Date of Award


Document Type


Degree Name

Doctor of Philosophy


Seventh-day Adventist Theological Seminary


Religion, Old Testament Studies PhD

First Advisor

Jacques B. Doukhan

Second Advisor

Robert M. Johnston

Third Advisor

William Shea


Genesis 15:1-6, because of its content, provides singular opportunities for the study of ancient midrashic documents. This kind of study is being increasingly performed, and has interest from a theological, historical and--especially--exegetical viewpoint.

Chapter 1 attentively analyzes the treatment of the entire unit in midrashic documents (Jubilees, Genesis Apocryphon, Philo, Josephus, the Targumim, and Genesis Rabbah), identifies their individual theological and exegetical concerns, and shows their progression over time. The most ancient ones are found to emphasize the covenantal aspects of the passage, while later documents stress the eschatological reward of Abraham as a fruit of his good works.

Chapter 2 exegetes the unit by means of structural analysis, as well as historical and lexicographical research. The results confirm ancient insights on the covenantal character of the passage and on Abraham's faith as a reaction to the opening promises of protection rather than to the promise of offspring. The characteristics of ancient grant-covenants are employed to shed light on terms of theological significance in the unit, such as "protection," "reward," "offspring," "trust," and "righteousness."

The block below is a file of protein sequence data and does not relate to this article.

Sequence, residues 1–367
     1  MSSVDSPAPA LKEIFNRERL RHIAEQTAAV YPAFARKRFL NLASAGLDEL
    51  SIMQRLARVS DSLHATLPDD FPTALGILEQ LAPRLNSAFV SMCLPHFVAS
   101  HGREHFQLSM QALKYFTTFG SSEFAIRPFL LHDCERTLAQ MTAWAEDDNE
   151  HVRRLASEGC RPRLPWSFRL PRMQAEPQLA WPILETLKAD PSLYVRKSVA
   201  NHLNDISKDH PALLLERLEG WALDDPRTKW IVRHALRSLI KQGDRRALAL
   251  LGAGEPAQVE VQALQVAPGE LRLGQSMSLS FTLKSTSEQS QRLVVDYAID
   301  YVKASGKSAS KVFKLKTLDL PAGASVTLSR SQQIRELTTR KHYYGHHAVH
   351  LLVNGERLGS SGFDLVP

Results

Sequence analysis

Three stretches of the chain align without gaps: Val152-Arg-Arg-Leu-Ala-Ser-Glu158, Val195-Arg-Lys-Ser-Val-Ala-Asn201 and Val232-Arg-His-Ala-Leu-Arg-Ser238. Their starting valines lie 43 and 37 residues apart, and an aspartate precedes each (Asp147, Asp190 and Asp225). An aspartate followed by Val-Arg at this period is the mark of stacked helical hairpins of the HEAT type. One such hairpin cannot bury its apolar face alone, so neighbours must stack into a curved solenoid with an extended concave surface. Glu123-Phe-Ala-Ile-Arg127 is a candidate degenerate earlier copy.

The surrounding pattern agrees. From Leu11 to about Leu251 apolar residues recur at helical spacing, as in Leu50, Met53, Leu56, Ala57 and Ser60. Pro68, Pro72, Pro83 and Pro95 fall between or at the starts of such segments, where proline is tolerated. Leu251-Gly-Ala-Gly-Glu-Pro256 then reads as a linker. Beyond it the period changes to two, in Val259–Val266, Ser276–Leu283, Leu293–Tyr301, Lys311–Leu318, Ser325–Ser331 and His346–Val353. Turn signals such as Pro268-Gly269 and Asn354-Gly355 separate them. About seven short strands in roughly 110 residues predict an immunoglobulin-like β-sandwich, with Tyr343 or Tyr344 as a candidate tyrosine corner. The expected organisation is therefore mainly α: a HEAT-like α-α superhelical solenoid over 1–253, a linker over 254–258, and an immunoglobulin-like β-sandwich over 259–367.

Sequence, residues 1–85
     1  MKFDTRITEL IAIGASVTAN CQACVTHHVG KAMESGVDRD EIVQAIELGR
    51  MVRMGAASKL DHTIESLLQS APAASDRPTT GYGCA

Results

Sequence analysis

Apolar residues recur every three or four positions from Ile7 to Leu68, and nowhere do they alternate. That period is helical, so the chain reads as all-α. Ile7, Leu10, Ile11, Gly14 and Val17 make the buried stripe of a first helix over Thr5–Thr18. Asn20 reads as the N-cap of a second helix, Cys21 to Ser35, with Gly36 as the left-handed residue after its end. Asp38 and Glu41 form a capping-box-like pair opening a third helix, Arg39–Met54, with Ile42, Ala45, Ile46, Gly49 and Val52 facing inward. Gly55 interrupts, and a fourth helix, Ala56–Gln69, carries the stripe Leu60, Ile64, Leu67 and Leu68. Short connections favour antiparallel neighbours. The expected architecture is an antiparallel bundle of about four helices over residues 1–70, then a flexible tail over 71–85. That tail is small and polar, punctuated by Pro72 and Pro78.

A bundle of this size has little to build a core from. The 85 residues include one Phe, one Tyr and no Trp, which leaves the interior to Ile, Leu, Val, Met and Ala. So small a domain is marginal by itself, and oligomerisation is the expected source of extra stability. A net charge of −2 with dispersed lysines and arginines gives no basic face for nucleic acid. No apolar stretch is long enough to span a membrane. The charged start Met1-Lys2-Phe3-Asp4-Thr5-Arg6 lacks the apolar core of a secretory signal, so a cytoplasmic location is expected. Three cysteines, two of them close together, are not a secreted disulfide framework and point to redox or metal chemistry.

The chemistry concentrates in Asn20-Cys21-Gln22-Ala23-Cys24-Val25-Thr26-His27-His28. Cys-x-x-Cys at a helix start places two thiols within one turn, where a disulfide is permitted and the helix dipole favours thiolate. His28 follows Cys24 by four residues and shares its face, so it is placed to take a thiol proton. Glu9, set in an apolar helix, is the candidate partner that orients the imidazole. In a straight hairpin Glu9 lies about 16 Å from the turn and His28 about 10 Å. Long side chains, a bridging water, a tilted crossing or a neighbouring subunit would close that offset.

A comparison with the gains of chapter 1 then shows how the ancient documents anticipated both the identification and the solution of several exegetical difficulties in the passage, including text, language and theology. These findings tend to substantiate recent recommendations to use ancient midrashim as valid interlocutors at each step in the exegetical tasks.

The progression, over time, of exegetical stances and theological ideas in those documents is shown to have implications for certain issues of the history of Judaism in current debate. The insights gained from the study of ancient midrashim and the historical setting of the unit contribute to a better grasp of its import. In redirecting the interpretation away from a doctrinaire attitude to one more historically determined, these insights are also able to lead scholars of different persuasions towards common grounds of understanding for the passage.

Subject Area

Midrash, Bible. Genesis 15:1-6 -- Criticism, interpretation, etc


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